Carboy Winery: Colorado Grapes to Wine
A glimpse into the tactics and traditions that Carboy Winery uses to make its award-winning wines
ONE OF THE SECRETS of turning Colorado grapes into good wine is to let the fruit be. “You have to listen to what the grape is saying,” says Carboy Winery’s CEO, Kevin Webber. With a shorter growing season and loamy, mineral soil, Colorado grapes have a high acidity and “lend themselves to a leaner, food-friendly, European-style wine.”
Webber calls Carboy’s winemaker, Tyzok Wharton, a grape whisperer for producing attention-getting, award-winning wines. “Early in my career, I was leaning more to- ward numbers—pH and sugar content,” says Wharton. “Over the past 16 years, I’ve learned to get out and taste the grapes. The instrument of the palate is sometimes more in tune than chemical analysis.”
The winery’s Teroldego won the Best of Show award in the 2021 Governor’s Cup Winemaking Competition, topping 257 other wine submissions from 41 Colorado wineries. It was Wharton’s first endeavor making wine from the Teroldego grapes, which originated in northern Italy.
Webber says the Teroldego is “like a Syrah, but more approachable, with some fun, alpine-fresh characteristics to it.” The first release was small, but Carboy is planting more of the cold-hardy vines for future vintages.
Carboy opened its first winery in 2016 in Littleton. Since then, Breckenridge and Denver sites have been added, and in September 2021, Carboy purchased two vineyards and a winery in Palisade. Each location has its specialty: The Littleton location produces still wines; the Brecken- ridge winery is known for its cider brand; and Denver produces small-batch sparkling wines. “We feel like sparkling wine is something that will put Colorado on the map,” says Webber, and so that will be the focus of the Palisade production facility.
Each location has a tasting room where you can sample selected flights or settle in with a glass or two and enjoy appetizers, salads and sandwiches. “The whole point of Carboy is to bring innovative experiences and an unpretentious attitude to wine,” says Webber. Carboy also partners with a vineyard in Washington state, which produces wines served on tap.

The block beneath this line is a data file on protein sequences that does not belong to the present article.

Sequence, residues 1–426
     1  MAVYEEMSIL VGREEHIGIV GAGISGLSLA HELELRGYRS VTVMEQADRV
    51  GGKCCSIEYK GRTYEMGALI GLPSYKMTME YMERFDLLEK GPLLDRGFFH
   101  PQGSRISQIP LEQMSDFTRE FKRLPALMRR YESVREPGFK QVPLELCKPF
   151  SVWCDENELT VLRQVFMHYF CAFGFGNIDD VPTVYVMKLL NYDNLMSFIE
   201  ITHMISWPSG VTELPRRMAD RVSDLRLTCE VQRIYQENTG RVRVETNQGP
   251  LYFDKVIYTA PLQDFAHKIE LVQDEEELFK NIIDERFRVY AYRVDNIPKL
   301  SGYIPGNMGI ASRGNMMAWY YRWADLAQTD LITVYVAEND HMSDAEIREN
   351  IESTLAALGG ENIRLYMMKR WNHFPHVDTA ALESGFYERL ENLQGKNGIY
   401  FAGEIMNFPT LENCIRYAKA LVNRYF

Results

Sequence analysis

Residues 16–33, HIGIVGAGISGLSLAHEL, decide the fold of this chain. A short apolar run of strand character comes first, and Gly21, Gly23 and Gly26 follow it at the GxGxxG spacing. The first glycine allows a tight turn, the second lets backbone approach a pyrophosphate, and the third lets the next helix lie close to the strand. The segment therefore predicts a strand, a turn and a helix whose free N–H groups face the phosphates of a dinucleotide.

Carboy hosts reserved tastings where guests try selected wines, learn winemaking basics and the history of Carboy. Sensory tastings help wine lovers learn to identify aromas and flavors in wines. (Can you distinguish the yellow pear, banana skin, lemon pith and starfruit in the Albariño?) Virtual tastings can be arranged, as can private tours. In addition, Carboy has a wine club, and it also entered the wine seltzer market in July 2021 with Cold Vines, seltzers in four fruit flavors made from Colorado’s cold-hardy grapes.
Climate change impacted Carboy and vineyards around the world in 2020. Webber said they projected a 150-ton harvest in 2020 but only realized 100 because of the weather: Late-season, higher-than-normal temperatures followed by a hard freeze didn’t allow the vines to acclimate properly, causing some vine death and lower crop yields. In 2021, Carboy hoped to harvest 170 tons but ended up with 37 tons, again because of climate issues.
Carboy is heeding Mother Nature’s warnings and greening up all its facilities: The Palisade location is being renovated with a gray water system and solar panels. At the Littleton and Denver locations, energy usage is monitored, and Carboy hopes to add solar panels to those sites in 2022. Electric vehicle charging stations for those sites also is on the agenda.
The company was awarded bronze level status with Colorado’s Environmental Leadership Program for its efforts to reduce waste by serving wines on tap. “With the use of our tank serving vessels, which are 300-gallon kegs, we saved over half a million bottles and corks from going into landfills and recycling bins,” says Webber. “We’re trying to continue to find ways to become more sustainable and have an eye toward energy use.”
Explore the website to learn about the winemaking process, find winery recipes, get tips on wine pairings, and build your wine vocabulary.
Denver, 400 E. 7th Ave., 720-617-9410
Littleton, 6885 S. Santa Fe Drive, 720-531-5252
Breckenridge, 103 N. Main St., 970-771-3944
Palisade, 3572 G Road, 970-464-0941
Cynthia Pasquale is a Denver writer.